Chromatography Goes Fishing for Toxicity in Seafood
Nov 29 2017 Read 1120 Times
We get constant reminders to eat healthier from the media, doctors and even governments. Eat more fruit and vegetables, eat less saturated fat, salt and sugar, drink plenty of water and eat more fish. In fact, the advice from the NHS is to eat two portions of fish each week — including one portion of oily fish. Fresh, frozen or canned — it doesn’t matter which. But is fish always the best option? It seems it depends on how careful it is processed and stored.
Careful of scombroid poisoning
Scombroid poisoning is a type of food poisoning that we get after a particular nasty fish supper. Scombroid poisoning happens after we’ve eaten fish that contains high histamine levels. Fresh, frozen, canned or even smoked fish are all susceptible to high histamine levels when the fish has been processed or stored improperly.
The name comes from the family of fish known as Scombridae which includes mackerel and tuna. Originally it was thought that this type of food poisoning could only come from these fish— hence the name Scombroid poisoning — but it is now known that other type of fish not from the Scombridae family can cause scombroid poisoning.
Histamines — not just allergies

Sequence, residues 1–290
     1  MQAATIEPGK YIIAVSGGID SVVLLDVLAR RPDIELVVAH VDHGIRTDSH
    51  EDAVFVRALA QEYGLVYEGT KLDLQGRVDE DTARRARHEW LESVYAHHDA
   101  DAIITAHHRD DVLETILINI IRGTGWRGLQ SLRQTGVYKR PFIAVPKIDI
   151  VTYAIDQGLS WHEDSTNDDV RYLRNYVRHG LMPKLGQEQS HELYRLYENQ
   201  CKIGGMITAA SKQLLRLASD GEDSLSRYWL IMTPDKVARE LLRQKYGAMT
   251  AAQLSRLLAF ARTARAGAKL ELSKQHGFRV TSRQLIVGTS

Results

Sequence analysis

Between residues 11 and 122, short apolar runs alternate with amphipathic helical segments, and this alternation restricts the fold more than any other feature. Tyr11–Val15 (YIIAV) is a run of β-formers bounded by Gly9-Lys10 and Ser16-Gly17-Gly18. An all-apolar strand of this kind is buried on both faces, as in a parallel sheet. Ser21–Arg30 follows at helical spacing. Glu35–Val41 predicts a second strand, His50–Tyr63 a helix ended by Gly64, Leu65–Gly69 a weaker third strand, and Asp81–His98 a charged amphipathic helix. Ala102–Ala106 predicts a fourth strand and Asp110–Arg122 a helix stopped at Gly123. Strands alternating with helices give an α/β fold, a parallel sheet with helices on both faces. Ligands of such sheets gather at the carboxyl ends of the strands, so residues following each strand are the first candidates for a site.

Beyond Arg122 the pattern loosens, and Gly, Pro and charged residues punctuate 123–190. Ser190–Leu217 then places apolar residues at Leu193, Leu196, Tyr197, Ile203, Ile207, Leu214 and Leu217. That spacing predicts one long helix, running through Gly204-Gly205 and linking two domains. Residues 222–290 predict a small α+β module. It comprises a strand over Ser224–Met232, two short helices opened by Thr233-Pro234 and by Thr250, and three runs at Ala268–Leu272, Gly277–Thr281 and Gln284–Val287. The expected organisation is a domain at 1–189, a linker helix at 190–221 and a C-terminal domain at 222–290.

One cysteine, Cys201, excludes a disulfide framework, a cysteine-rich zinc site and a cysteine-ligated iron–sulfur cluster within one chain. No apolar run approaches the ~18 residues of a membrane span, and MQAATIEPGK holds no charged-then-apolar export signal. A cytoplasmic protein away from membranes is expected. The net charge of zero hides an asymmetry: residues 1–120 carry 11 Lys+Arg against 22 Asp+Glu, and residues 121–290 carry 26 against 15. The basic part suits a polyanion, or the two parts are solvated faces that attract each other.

Histamine is a compound that is naturally produced in the body that serves many different functions. It acts as a neurotransmitter, a regulator in the gut and takes part in the immune response to foreign invaders. But perhaps is most widely known for its part in the inflammatory response and being itchy — hence the antihistamine tablets. But it can also act as a toxin.
Histamine is produced in the flesh of certain fish when as they start to decay — in fact, it is produced by the decarboxylation of histidine in the flesh, which is in turn due to bacteria from the fish’s intestines. Scombroid poisoning can often be difficult to detect as excess histamine doesn’t affect the smell or taste of the fish. And while it is known that storing the fish at room temperature can cause histamine levels to increase, a new report has looked at the packaging of fish on the effect of histamine levels.
Is that fish packed properly?
In a study published in the Journal of Food and Drug Analysis, a team has investigated the effects of packaging in a variety of storage conditions on the histamine levels in the fish. The fish studied was milkfish — an important food in Asia and Pacific regions. They measured the histamine levels using liquid chromatography — a technique discussed in the article, Ion Suppression from HPLC Columns.
They found that vacuum packaging reduced the level of histamines when compared to polyethylene packaging at both 4C and 15C — an observation attributed to the lack of oxygen in vacuum packaging. They report that vacuum packaging is the best type of packaging if the temperature of the fish is likely to fluctuate. How has your fish been stored?
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